- Wilbur Ross warns that trade deals are not made at summits, saying any G-20 talks between Trump and Xi would only lay the groundwork.
- "Judge this administration by results," Ross says, referring to the deal on immigration made with Mexico under threat of tariffs.
Commerce Secretary Wilbur Ross predicted on Tuesday that the U.S. and China will successfully negotiate a trade deal.
"Eventually, this will end in negotiation," Ross said on CNBC's "Squawk Box." "Even shooting wars end in negotiations."
With questions circulating about whether President Donald Trump and Chinese leader Xi Jinping would meet on trade at the G-20 meeting later this month, the U.S. president told CNBC on Monday he would place additional tariffs on Chinese goods if Xi does not attend.
"The China deal is going to work out. You know why? Because of tariffs," Trump said in a "Squawk Box" call with CNBC's Joe Kernen. "Right now, China is getting absolutely decimated by companies that are leaving China, going to other countries, including our own, because they don't want to pay the tariffs."
Ross, who has spoken out in favor of Trump's tariff strategy, warned that trade deals are not made at summits. He said any talks between Trump and Xi would lay the groundwork for a possible agreement.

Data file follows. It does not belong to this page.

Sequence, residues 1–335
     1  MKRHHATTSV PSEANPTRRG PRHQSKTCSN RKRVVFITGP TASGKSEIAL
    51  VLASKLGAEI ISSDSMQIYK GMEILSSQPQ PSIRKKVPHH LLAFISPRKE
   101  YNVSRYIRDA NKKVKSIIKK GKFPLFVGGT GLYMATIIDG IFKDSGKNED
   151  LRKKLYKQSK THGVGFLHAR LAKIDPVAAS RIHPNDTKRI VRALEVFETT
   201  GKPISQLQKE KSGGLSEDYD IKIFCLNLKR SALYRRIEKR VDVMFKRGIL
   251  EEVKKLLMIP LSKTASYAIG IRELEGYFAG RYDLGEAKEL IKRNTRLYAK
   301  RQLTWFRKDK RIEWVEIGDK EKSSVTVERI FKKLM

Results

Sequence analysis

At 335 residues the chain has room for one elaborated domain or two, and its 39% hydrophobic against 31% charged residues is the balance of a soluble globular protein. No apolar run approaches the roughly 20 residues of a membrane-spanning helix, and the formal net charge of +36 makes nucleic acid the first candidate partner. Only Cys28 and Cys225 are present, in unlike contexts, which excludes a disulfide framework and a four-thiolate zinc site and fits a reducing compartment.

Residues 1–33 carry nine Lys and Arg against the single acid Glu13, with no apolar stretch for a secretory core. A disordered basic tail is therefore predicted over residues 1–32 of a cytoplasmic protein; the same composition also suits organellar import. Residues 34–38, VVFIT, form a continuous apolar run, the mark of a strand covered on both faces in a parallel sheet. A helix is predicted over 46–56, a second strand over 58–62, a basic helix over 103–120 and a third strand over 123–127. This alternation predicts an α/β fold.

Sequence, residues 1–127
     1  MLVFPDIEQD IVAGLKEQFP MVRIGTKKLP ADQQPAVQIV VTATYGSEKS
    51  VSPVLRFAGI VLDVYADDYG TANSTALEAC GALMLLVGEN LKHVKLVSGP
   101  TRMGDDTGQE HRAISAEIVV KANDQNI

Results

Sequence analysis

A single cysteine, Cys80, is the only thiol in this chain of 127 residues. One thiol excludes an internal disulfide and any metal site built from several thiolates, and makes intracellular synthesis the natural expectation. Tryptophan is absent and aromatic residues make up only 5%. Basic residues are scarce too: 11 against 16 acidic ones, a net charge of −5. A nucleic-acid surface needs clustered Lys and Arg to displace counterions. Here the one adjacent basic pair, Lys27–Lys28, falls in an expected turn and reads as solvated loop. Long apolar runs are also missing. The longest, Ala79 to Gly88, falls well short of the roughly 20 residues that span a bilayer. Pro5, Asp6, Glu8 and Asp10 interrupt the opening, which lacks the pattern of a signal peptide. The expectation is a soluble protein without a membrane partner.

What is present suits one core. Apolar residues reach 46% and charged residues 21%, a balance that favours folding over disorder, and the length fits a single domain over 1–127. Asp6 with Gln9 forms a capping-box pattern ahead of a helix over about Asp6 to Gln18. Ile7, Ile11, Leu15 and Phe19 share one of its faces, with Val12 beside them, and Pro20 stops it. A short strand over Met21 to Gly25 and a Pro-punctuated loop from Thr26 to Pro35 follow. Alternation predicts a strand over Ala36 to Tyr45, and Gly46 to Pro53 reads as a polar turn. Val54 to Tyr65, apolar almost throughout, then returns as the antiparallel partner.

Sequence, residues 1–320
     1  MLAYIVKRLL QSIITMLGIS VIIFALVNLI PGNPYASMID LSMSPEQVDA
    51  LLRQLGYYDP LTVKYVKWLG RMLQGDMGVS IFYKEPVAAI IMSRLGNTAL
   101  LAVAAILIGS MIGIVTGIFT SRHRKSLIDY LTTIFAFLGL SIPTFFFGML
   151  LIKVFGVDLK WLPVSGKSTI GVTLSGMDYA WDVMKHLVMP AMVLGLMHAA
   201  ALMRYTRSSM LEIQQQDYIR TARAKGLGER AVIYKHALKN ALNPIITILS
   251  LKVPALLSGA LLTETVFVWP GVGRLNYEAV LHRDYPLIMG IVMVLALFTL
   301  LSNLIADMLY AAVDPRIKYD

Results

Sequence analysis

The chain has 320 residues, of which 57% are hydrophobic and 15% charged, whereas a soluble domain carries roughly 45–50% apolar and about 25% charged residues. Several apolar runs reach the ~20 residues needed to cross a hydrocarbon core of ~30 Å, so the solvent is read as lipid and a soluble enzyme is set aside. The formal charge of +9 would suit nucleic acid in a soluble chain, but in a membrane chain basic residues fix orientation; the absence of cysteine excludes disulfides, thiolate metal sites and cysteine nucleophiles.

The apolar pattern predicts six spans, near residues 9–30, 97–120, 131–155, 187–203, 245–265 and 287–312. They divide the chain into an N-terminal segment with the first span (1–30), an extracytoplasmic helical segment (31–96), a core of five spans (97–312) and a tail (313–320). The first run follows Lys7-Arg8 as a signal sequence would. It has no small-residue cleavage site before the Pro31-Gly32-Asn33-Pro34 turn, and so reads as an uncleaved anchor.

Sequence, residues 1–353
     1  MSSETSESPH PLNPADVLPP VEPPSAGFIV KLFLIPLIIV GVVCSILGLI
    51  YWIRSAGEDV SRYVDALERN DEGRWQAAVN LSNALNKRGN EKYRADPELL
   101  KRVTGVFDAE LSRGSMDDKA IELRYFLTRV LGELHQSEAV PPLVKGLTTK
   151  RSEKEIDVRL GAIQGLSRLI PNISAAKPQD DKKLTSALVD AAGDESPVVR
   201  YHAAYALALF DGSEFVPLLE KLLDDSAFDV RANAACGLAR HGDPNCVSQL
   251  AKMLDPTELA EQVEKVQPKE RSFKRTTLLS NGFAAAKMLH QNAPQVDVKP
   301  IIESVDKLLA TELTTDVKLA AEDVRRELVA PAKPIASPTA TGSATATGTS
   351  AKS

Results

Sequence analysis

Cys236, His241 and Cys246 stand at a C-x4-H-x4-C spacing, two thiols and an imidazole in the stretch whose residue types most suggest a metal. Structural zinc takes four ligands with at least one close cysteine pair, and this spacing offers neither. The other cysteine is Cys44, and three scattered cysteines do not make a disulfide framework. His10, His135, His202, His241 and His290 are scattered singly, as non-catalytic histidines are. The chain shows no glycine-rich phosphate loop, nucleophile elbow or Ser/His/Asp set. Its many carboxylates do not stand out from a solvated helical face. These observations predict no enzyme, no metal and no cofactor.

In May, Trump increased tariff rates on $200 billion worth of Chinese goods and threatened to put levies on another $300 billion, effectively the rest of China's imports in the United States.
An agreement with China would have to fix all the violations that the U.S. alleges, otherwise making a deal would not make any sense, said Ross, who before joining the White House, made a fortune in the investment world, running W.L. Ross & Co., and buying stakes in distressed assets.
"Either we will collect more and more tariffs on more and more products or we'll back an arrangement with them," Ross said, while warning investors not to get too "trigger happy" when Trump threatens tariffs.
After the president warned Mexico on May 30 that he would put a 5% tariff on all Mexican goods if they did not take actions to help curb undocumented migrants from coming into the U.S., Ross said that "people were getting hysterical" and the markets got "a little too jumpy." The day after the proposed tariffs were announced, the Dow Jones Industrial Average plunged more than 350 points.
"Judge this administration by results," Ross said. "Don't judge it by interim soundbites." Late Friday, the president called off the Mexico tariffs, saying the U.S. and Mexico agreed to follow through on earlier concessions it had made on immigration.
In Monday's CNBC interview, Trump said the deal came together in just two days because Mexico's leaders knew the alternative would have been worse.
"We got everything we wanted and we're going to be a great partner to Mexico now because now they respect us," Trump said. "They didn't even respect us. They couldn't believe how stupid we were with everything that's going on where somebody comes in from Mexico and just walks right into our country and we're powerless to do anything."